Yes, It’s True. I Let My 10-Year-Old Read “The Hunger Games”

 

By Lisa Dalesandro/@abookmama
Author of “Raise a Reader: 25 Effective Ways to Get Kids Reading”

Literacy and the Hunger Games

         The whole dilemma started in ballet class. My daughter is part of a dance company comprised of girls between the ages of 9 and 16.  It was those darn teenagers that got us into trouble. 

         Apparently in the dressing room, the older girls had been talking excitedly about how much they love “The Hunger Games” by Suzanne Collins (a book the publishers recommend for 7th grade and up) and how eager they were to see the upcoming film.  Naturally, this made my little 4th grader desperate to see what all the fuss was about.

        As soon as she asked me if she could read the book, I had one of those parental moments where time and space instantly freeze.  You know what I’m talking about, that split second where your brain shifts into high gear trying to work out the correct response before your child gets a whiff of your fear and the fact that you really don’t have a clue.

         The trouble is I’d already read the book, so instinctively I felt pretty sure she needed to wait a couple years.  Just in case you aren’t one of those people like me who loves children’s and young adult literature way more than a grown person should, the trilogy is basically a brutal, dystopian nightmare of a tale about children forced to fight to the death on live TV.  How’s that for a dark and troubling concept?

         I even got a concerned phone call from her fantastic 4th grade teacher, a guy who’s done more than any previous teacher to encourage her to discover the joys of reading.  No surprise he’d also read the book and wanted to alert me to the fact that she was telling the other kids in class she was going to start reading the book, like, any second now.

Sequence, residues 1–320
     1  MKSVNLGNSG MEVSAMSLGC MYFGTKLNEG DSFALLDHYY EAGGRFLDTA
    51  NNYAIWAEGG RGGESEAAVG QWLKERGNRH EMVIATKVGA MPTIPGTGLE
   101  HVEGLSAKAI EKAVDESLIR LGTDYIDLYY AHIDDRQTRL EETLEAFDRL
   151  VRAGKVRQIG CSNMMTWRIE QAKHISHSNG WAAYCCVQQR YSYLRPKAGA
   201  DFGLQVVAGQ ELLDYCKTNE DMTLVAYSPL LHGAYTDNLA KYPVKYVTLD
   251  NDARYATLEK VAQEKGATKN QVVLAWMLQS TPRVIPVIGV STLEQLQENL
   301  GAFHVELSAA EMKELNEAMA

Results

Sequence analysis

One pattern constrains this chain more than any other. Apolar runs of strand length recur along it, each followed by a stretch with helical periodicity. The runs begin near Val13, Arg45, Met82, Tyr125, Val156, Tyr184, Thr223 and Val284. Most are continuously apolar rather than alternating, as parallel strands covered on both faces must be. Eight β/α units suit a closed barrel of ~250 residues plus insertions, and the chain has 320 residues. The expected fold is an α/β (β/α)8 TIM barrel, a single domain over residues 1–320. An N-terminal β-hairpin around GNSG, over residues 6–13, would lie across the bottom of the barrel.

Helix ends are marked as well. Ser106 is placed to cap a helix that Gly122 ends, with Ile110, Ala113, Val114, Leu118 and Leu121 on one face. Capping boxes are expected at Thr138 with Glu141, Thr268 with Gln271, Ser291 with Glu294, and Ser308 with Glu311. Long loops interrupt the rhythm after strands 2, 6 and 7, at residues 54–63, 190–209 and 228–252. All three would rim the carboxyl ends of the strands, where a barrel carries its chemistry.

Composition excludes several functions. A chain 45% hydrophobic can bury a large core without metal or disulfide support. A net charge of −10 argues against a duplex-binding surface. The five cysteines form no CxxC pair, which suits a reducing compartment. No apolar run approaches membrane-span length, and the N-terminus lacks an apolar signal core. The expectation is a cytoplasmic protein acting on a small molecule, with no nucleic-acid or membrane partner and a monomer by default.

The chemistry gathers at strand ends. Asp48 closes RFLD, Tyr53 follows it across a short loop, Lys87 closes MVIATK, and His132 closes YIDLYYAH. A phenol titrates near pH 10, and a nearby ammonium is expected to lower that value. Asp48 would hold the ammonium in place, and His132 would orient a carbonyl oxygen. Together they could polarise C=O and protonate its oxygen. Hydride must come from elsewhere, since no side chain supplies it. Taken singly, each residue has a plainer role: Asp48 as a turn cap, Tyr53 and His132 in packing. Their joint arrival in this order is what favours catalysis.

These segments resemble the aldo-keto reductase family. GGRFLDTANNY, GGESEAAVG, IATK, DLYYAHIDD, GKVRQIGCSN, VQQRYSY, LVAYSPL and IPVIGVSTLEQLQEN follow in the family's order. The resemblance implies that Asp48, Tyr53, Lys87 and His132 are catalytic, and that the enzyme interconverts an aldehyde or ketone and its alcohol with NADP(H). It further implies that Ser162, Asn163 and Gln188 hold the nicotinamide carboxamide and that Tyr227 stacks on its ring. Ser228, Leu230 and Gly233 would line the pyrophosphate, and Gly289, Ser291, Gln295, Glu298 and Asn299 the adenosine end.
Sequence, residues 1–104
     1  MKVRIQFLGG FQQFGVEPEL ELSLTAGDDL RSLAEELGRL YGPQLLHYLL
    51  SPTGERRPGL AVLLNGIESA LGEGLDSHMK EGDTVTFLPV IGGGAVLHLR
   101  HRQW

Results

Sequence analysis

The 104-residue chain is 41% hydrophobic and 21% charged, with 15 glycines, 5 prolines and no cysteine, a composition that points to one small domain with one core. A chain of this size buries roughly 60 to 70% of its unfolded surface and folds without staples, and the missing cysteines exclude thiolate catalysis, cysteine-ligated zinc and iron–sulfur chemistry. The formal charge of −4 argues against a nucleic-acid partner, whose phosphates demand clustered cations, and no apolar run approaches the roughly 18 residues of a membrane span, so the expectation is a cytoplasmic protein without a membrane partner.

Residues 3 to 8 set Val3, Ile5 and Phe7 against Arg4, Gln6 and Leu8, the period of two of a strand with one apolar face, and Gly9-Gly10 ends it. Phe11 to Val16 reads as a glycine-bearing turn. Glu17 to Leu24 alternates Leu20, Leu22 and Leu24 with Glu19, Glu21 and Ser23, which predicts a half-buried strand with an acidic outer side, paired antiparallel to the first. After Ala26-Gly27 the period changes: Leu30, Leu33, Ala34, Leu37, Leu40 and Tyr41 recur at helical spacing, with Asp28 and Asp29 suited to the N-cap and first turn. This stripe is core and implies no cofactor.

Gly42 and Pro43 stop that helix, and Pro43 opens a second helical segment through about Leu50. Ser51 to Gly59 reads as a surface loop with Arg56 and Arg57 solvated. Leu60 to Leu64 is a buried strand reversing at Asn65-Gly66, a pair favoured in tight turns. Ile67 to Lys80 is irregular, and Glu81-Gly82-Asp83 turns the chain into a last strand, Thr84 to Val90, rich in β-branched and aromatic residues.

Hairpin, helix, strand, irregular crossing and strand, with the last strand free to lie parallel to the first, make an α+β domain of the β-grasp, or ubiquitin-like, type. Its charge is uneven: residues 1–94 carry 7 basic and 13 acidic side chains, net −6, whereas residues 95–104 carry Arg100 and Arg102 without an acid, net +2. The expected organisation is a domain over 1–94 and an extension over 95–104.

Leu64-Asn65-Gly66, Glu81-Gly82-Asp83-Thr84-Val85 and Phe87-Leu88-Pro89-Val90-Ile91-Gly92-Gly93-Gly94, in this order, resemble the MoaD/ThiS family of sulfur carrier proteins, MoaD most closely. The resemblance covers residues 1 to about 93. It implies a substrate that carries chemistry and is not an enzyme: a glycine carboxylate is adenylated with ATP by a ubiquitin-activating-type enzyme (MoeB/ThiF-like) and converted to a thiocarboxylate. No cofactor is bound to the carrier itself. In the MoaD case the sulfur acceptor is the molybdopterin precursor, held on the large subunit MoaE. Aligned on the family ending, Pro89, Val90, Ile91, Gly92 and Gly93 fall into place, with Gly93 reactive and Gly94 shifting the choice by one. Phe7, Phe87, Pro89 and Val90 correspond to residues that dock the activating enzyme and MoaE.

Okay, so this should be a no-brainer.  I’d just put my foot down, exercise my parental power of veto and refuse to let her read it.  But here’s the thing — and a half-a-zillion teenagers will back me up on this one — the books are fun.  Plain and simple.  They’re a blast.  The series is a highly entertaining, fast-paced, rapid action, futuristic fable pitting good against evil.  And, c’mon people, there’s a reason that’s basically the recipe for a runaway hit.

         But, for me, there was another complication.   A nagging secondary factor was nudging me toward letting her crack it open.  See, my child has not been a strong reader up until recently.  Despite living in a house with two voracious readers – her mother a reader of books and her father a reader of computer manuals, frivolous techno blogs and other nonsense – she didn’t seem the least inclined to become a reader herself.  And the more we pushed, the more she resisted.

         To make matters worse, I’d started doing a little research and was startled by what I learned.  Of course we all know that reading is important.  I mean, like, duh?  But I had no idea how super, amazingly, incredibly important it actually is to basically everything your child will ever need in life.

         There is a veritable mountain of literacy research out there scrutinizing, quantifying and analyzing the amazing power of reading.  Turns out raising a child who reads for pleasure may be the secret weapon to academic success, sky high standardized test scores, entrance to Ivy League institutions and general life happiness.  Okay, maybe that’s a little over-stated, but reading for pleasure is still really important.